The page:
report Uwe Parpart and David Goldman.
Henry Paulson, Foreign Affairs
|File Size:||100 kb|
by Brad W. Setser
Eswar Prasad, Project Syndicate
Nouriel Roubini sees the recent depreciation as a symptom of short-term factors, though challenges lie ahead.
Todd G. Buchholz draws parallels to the World War II era and proposes solutions for avoiding a fiscal cliff.
Anne O. Krueger has reservations about a long-used method for reducing massive public liabilities over time.
Stephen S. Roach argues that the pandemic's continuing impact on consumer demand all but rules out a V-shaped recovery.
Jeffrey Frankel explains why the recent record price for the metal should not determine US monetary policy.
The latest, and perhaps most consequential, development in the Xi administration’s ongoing efforts to position China to withstand volatile geopolitical exigencies is the new “dual circulation” strategy (DCS), first announced at the May Politburo meeting. The strategy, which envisions a new balance away from global integration (the first circulation) and toward increased domestic reliance (the second circulation), stems from Beijing’s belief that China has entered a new paradigm that combines rising global uncertainty and an increasingly hostile external environment with new opportunities afforded by a floundering and listless United States, which China has long viewed as its most important geopolitical rival. Ever the dialectician, Chinese leader Xi Jinping declared in April that China must “take the initiative to seek change, and successfully capture and create opportunities in the midst of the crises and difficulties before us."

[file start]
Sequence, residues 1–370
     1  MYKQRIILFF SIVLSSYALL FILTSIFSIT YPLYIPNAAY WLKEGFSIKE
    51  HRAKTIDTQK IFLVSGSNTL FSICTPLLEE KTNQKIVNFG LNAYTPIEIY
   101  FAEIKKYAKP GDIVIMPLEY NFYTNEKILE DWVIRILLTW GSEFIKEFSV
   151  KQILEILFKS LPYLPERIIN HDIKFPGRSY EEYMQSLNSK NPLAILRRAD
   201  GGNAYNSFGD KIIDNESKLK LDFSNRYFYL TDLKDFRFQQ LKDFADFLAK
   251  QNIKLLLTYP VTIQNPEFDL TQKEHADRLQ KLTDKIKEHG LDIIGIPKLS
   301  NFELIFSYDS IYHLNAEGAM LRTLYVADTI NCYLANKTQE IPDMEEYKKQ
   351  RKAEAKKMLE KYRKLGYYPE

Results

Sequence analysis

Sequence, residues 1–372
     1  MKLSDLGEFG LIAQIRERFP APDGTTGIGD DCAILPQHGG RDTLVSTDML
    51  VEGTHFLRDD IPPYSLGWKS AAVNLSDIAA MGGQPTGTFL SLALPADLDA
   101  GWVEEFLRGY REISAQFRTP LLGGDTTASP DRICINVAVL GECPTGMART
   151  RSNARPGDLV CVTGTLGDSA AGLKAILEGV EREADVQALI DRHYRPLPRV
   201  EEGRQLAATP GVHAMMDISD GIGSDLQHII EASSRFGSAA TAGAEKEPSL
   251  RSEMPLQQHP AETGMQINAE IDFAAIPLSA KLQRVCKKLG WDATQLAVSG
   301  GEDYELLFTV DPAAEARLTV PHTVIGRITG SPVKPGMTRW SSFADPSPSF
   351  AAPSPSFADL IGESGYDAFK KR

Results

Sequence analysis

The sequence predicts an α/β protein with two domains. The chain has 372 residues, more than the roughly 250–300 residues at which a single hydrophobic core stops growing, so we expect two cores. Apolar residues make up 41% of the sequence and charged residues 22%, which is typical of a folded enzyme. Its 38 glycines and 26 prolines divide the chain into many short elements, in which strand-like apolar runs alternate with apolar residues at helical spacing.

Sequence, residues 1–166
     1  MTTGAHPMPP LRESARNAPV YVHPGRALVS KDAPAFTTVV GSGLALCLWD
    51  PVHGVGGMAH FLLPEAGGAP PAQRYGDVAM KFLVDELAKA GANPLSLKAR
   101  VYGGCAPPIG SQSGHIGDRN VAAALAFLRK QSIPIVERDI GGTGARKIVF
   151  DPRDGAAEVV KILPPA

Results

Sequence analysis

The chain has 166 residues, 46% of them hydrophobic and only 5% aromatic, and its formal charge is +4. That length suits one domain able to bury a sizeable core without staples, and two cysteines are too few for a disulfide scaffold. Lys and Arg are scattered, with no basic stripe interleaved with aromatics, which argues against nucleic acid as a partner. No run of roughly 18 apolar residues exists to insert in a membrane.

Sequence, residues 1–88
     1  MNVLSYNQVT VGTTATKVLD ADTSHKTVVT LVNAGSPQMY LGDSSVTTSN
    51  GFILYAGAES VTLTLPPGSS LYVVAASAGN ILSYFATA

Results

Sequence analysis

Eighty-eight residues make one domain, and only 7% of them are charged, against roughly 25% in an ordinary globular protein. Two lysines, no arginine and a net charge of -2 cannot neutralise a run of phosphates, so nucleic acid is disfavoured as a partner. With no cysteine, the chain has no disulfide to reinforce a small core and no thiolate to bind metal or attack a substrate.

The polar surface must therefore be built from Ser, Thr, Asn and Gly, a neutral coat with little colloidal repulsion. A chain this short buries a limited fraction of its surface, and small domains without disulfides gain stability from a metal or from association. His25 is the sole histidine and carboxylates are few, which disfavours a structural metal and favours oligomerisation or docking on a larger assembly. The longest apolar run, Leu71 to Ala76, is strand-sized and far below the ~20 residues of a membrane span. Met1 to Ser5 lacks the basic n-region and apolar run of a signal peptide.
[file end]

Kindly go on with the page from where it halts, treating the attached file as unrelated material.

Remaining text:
This new worldview sees the continued decoupling of global supply chains as an enduring trend, and so Beijing now seeks to attempt a new “big thing”—balancing emphases on both internationalization and self-sufficiency (自力更生) that marks China’s own version of “hedged integration.” This model entails engaging international capital, financial, and technological markets when advantages can be gained while simultaneously bolstering indigenous capabilities to avoid overreliance on the global economy—due to national security concerns or the vagaries of global economic cycles...
If the DCS begins to bear fruit, the impacts on the global economy would be momentous. While Chinese policymakers and commentators have been clear that the DCS does not mean a full-scale pivot away from global economic integration or reliance on external demand, even a marginal shift by China away from its focus on mercantilist export practices could fundamentally reshape global trade and investment flows. But perhaps more importantly, Yu’s argument that China should renew its focus on high-end manufacturing—rather than services and consumer sectors—may mean that China will seek to replicate the German manufacturing model. If successful, such a move would represent a major challenge to industrialized economies. China’s scale of production could begin to disrupt a range of new market segments—as has happened with solar and lithium batteries in the past.